Tell me about yourself. My name is Matthew Paul Gonzalez. I am a Hispanic first-generation college student with a bachelor’s and master’s degree in Kinesiology. I am also a Certified Strength and Conditioning Specialist with the National Strength and Conditioning Association.
I will be entering the Translational Science doctoral program in the Fall 2021 semester. Currently, my research interests are in the field of strength and conditioning and human performance. More specifically– examining the relationship between inter-limb asymmetries with human performance and risk of injury. For example, if an individual has a difference in composition, strength, or performance in one limb does that translate to a decrease in performance or a greater risk for injury and that is something I hope to learn more about during my time as a doctoral student.
Previously, I have conducted research examining the benefits of various exercise modalities in recreationally active individuals, competitive powerlifters, Division I track and field athletes, high school athletes, older adults, and professional Wushu athletes. I was also a co-investigator on two nationally funded grants, the first examining the effects of resisted sprint training in ice-hockey players and the second examining the physical, academic, and psychological impacts of implementing a strength and conditioning program in high schools.
What is your hometown? I was born in Dallas, Texas but grew up in the Sunland Park, New Mexico and El Paso, Texas region.
Why did you choose UT Health San Antonio? Attending UT Health San Antonio will provide me excellent opportunities to gain knowledge and develop my skills as a researcher. This university provides numerous opportunities for collaborations which will help me learn from a variety of faculty and students which in turn will allow me to develop high quality research studies and competitive grant applications. It will also provide me exposure to different research fields and will allow me to learn how different research fields work together to help improve the health and well-being of others. In addition, the GrantSeekers program will allow me the opportunity to get feedback on my grant applications and improve them prior to submission and which will in turn allow me to be more competitive in the grant application process.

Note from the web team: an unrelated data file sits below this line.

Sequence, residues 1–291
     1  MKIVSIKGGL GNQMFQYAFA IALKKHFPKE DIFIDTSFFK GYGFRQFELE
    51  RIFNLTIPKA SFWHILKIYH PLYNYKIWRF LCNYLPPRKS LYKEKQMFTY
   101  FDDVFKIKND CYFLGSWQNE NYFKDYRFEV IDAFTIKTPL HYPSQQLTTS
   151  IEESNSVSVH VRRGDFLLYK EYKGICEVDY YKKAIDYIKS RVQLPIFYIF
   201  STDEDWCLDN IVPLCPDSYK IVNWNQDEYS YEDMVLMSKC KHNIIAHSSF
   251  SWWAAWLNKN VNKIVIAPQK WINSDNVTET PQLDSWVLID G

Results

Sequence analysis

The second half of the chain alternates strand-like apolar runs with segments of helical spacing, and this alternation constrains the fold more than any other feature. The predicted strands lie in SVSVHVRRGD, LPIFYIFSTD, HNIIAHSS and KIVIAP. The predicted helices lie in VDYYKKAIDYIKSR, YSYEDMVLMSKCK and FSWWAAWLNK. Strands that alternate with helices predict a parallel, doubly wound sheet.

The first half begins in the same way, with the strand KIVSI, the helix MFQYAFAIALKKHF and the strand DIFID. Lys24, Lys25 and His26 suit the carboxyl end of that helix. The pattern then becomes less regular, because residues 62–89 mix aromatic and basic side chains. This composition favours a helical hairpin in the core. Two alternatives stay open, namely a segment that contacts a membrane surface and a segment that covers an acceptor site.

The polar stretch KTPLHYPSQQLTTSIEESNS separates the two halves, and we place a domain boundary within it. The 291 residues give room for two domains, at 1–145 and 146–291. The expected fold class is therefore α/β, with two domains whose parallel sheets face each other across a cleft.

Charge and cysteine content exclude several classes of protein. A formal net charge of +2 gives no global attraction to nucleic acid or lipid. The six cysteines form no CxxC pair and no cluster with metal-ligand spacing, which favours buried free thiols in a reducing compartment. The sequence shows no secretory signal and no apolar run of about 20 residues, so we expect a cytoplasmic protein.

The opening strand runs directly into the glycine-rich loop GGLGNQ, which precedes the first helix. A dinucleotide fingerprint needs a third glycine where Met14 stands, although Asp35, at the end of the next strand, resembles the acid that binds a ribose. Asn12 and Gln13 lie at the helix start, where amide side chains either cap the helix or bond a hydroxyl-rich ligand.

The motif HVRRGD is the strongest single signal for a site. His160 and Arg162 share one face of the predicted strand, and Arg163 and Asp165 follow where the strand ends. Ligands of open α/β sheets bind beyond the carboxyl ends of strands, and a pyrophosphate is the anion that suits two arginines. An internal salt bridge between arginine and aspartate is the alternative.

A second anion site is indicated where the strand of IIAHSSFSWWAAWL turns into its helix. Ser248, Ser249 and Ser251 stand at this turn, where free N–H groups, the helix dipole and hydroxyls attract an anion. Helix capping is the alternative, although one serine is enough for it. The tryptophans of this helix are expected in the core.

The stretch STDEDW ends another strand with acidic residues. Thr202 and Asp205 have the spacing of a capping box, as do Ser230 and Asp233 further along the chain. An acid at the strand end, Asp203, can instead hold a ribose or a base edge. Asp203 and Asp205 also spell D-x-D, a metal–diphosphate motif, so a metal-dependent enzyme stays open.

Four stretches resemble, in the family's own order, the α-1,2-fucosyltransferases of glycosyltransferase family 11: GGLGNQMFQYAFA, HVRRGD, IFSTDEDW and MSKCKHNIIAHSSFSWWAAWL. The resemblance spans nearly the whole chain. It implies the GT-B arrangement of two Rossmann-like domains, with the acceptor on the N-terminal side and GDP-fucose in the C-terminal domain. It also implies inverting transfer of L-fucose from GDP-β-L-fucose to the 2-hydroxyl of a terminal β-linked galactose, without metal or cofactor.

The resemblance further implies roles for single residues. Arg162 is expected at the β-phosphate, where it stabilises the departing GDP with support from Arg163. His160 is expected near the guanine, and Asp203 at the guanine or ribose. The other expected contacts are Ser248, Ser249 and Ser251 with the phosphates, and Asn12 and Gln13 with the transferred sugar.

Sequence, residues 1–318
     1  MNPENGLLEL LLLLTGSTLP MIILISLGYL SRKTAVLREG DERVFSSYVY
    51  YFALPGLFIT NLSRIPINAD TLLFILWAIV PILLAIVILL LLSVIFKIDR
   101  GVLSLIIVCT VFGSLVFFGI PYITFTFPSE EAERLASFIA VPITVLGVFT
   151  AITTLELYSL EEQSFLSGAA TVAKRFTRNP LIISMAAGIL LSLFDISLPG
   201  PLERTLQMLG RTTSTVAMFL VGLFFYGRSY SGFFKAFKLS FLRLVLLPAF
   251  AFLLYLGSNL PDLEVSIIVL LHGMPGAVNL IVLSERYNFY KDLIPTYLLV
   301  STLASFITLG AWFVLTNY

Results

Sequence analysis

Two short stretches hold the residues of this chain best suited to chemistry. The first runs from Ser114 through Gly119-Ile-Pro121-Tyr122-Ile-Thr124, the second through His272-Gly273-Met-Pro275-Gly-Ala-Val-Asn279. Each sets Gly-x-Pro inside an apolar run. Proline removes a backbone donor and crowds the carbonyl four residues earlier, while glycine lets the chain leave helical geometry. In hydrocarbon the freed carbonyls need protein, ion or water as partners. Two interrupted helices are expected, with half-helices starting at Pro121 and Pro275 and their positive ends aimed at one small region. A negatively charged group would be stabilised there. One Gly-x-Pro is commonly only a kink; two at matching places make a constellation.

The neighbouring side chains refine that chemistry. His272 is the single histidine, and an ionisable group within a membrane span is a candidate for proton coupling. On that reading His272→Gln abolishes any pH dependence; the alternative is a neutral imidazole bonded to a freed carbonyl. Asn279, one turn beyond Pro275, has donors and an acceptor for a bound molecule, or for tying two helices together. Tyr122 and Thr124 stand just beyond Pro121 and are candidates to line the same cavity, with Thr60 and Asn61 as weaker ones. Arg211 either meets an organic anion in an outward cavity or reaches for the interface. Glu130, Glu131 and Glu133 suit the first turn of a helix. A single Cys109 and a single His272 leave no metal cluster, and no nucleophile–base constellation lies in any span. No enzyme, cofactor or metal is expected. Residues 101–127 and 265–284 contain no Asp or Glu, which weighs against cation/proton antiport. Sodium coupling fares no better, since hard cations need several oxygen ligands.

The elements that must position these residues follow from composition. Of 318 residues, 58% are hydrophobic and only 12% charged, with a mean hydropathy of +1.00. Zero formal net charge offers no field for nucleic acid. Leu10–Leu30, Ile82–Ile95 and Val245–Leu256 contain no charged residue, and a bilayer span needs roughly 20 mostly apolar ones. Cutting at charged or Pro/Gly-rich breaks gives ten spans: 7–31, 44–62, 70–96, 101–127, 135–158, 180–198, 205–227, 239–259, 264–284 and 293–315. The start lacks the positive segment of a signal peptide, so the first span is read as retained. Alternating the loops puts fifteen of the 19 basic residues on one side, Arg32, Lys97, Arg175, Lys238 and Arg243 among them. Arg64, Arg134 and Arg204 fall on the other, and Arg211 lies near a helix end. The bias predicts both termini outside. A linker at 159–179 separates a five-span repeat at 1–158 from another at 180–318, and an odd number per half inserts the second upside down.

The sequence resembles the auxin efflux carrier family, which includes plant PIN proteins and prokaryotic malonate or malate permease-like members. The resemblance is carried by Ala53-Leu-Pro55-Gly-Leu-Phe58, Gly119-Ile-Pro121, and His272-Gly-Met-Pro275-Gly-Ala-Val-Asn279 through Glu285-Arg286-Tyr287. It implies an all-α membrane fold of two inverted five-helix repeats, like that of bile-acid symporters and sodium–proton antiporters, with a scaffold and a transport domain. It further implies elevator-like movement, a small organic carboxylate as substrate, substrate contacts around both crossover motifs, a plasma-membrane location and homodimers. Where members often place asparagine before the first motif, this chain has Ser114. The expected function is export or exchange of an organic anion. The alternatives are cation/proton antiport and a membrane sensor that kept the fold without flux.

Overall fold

What drew you to your program?
The multi-campus approach drew me to the Translational Science Ph.D. program. Being able to attend multiple institutions will afford me the opportunity to learn about different fields in science and apply them to my research. It will also allow me to learn about the different tools and methods used by others in their research and how to apply them to my own. It will also make it easier to establish cross-campus collaborations with the various faculty and students.
What are your career goals? My goals for the future are to pursue a career in research and academia. I have always enjoyed coming up with research questions and ways to answer them. I have also enjoyed being able to teach others and helping them grow as individuals. I know a career in academia will afford me the opportunity to do both.